Trying not to flinch, Nick asked, “So it sounds like Araminta's been feeling better?”

“Um…getting there,” Colin said haltingly.

“Glad to hear that. I know things have been rough lately.”

“Yeah, you know how it is—depression comes in waves. And this miscarriage really pulled her under for a while. She's trying to be good to herself, doing all these retreats, and she's cut back on work. She's seeing a really great psychologist now, even though her parents aren't thrilled about that.”

“Still?”

“Yeah, Minty's dad made her doctor sign this gigantic stack of NDAs, even though you know all psychologists are already bound by a confidentiality code. But Peter Lee needed assurance that the doctor would never even admit that Minty is a client of his, or that she would ever need something as shameful as therapy.”

Nick shook his head. “It amazes me that there's still such a huge stigma about mental illness here.”

“ ‘Stigma' implies that something exists but society is prejudiced against it. Here, everyone's in denial that it even exists!”

“Well, that explains why you're not locked up,” Nick deadpanned.

Colin punched Nick playfully. “It's so great to see you, to be able to say this stuff out loud!”

“Surely there are other people you can talk to?”

“Nobody wants to hear that Colin Khoo and Araminta Lee have any kind of problems. We're too rich to have problems. We're the golden couple, right?”

“You
are
the golden couple. And I've seen the pictures to prove it!”

Colin scoffed, remembering the infamous fashion shoot for
Elle
Singapore
where he dressed up like James Bond and Araminta was painted in gold from head to toe. “Biggest mistake of my life was doing that photo shoot! I'm never going to live that down. You know, I was taking a piss at the bathroom at Paragon the other day when the guy at the next urinal suddenly looked at me and said, ‘
Wah lao!
Aren't you that Golden God?' ”

Nick burst out laughing. “So did you give him your number?”

“Fuck you!” Colin replied. “Strangely enough, guess who's been a good friend to Minty lately? Kitty Pong!”

“Kitty! Really?”

“Yes, she was the one who connected Minty to her psychologist. I think it's because Kitty's not a local—she doesn't have the same sort of baggage that we have, and Araminta feels like she can speak frankly with her because she's completely removed from our tight little circle. She didn't go to Raffles, MGS, or SCGS,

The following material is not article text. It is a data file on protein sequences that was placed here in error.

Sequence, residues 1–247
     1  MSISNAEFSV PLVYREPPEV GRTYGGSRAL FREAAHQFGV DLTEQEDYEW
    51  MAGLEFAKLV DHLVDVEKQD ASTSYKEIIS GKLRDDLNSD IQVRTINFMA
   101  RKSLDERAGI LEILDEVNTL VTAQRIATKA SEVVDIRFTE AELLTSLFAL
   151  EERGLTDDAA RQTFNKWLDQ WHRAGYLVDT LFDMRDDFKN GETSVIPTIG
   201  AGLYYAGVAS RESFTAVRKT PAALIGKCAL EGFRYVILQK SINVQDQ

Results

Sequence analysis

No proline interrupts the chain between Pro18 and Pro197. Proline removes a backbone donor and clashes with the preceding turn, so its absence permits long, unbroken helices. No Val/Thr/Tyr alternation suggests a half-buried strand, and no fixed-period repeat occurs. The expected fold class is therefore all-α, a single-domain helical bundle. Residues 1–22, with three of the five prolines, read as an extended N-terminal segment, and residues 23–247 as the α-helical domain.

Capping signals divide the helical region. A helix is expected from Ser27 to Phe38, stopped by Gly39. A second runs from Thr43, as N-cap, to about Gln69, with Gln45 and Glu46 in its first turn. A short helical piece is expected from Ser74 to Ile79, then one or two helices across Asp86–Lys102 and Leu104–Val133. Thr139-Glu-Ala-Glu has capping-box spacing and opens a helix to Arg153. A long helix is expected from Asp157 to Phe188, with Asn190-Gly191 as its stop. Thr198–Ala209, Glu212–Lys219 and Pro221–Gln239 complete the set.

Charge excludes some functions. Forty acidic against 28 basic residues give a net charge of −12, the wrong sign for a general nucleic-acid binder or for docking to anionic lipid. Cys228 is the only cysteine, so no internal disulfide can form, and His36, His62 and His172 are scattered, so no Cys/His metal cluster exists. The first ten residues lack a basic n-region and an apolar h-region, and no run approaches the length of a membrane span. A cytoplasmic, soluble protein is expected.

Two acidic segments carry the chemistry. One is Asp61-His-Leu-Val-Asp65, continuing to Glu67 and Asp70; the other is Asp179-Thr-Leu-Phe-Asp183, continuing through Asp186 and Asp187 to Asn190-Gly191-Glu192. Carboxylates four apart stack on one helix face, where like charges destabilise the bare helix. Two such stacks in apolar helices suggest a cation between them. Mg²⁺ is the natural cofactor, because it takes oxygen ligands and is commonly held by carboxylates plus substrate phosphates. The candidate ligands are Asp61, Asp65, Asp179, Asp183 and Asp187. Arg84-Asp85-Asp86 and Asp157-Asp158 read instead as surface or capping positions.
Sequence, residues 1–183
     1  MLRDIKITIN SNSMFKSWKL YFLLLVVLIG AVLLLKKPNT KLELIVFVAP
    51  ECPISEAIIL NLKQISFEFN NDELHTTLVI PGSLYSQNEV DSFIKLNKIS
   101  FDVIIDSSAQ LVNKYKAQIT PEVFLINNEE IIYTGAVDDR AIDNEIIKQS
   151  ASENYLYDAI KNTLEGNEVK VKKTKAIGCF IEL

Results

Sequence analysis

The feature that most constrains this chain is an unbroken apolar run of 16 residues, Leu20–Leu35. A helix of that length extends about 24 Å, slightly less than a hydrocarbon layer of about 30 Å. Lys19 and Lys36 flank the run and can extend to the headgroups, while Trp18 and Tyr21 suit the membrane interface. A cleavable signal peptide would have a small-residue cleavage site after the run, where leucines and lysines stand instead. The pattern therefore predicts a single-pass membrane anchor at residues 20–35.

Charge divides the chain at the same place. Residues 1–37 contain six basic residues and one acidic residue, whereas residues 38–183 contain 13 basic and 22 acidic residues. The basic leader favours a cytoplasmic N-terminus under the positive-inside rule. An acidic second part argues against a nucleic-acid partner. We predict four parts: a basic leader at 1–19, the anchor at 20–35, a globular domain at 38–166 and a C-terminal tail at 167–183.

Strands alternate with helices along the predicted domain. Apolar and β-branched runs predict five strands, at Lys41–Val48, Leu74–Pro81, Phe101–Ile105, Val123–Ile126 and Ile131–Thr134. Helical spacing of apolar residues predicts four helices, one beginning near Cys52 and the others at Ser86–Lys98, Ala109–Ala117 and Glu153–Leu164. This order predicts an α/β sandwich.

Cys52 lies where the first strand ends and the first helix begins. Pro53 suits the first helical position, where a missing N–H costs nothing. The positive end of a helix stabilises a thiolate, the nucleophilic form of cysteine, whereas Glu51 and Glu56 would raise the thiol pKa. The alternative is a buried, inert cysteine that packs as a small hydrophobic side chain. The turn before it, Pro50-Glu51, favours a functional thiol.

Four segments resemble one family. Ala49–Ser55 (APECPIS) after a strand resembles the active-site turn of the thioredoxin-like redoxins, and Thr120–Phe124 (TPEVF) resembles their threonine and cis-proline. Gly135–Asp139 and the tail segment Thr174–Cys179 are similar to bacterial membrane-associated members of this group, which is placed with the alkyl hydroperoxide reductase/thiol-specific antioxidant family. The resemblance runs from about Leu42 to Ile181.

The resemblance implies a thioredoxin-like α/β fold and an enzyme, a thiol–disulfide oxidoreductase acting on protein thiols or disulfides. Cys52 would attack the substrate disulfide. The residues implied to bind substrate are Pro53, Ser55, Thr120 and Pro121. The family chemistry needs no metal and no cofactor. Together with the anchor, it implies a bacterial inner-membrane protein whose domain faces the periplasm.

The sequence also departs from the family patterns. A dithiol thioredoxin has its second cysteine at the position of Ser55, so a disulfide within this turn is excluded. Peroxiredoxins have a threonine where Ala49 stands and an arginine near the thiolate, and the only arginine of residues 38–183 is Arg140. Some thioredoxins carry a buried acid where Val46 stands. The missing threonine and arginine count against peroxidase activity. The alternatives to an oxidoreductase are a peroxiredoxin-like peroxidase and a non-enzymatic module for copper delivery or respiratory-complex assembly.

*2
and she's not a Churchill Club member. She hangs with that foreign billionaire crowd.”

“It's only fitting. She's Mrs. Jack Bing now.”

“Yeah, I feel a bit sorry for Bernard Tai. As much of an idiot as he used to be, he did become a good father, from what I hear. But he totally got burned by Kitty. I don't think he ever saw that Jack Bing thing coming. Hey, what ever happened to that daughter of his?”

“Colette? Hell if I know. After she had Rachel poisoned, we made sure to steer clear of her. I wanted to press charges against her, you know? But Rachel wouldn't hear of it.”

“Hmm…Rachel sure is a forgiving person.”

“That she is. And that's why I'm here. I'm under specific orders to come back and make peace with Ah Ma.”

“And is that what you want to do?”

Nick paused for a moment. “I'm not sure, quite honestly. Part of me feels like all this happened a lifetime ago. Our daily lives are so removed from everything going on here. On the one hand, I can't ever forget the way Rachel was treated and how my grandmother couldn't trust me, but on the other hand, her acceptance is kind of irrelevant now.”

“Everything ends up seeming irrelevant in the face of loss,” Colin said as he sped onto East Coast Parkway. “So am I taking you straight to the house, or do you want to grab a bite first?”

“You know what, it's so late, I probably should go straight to the house. I'm sure there will be food for us there. With everyone in town, I think Ah Ching's kitchen staff must be churning out food nonstop.”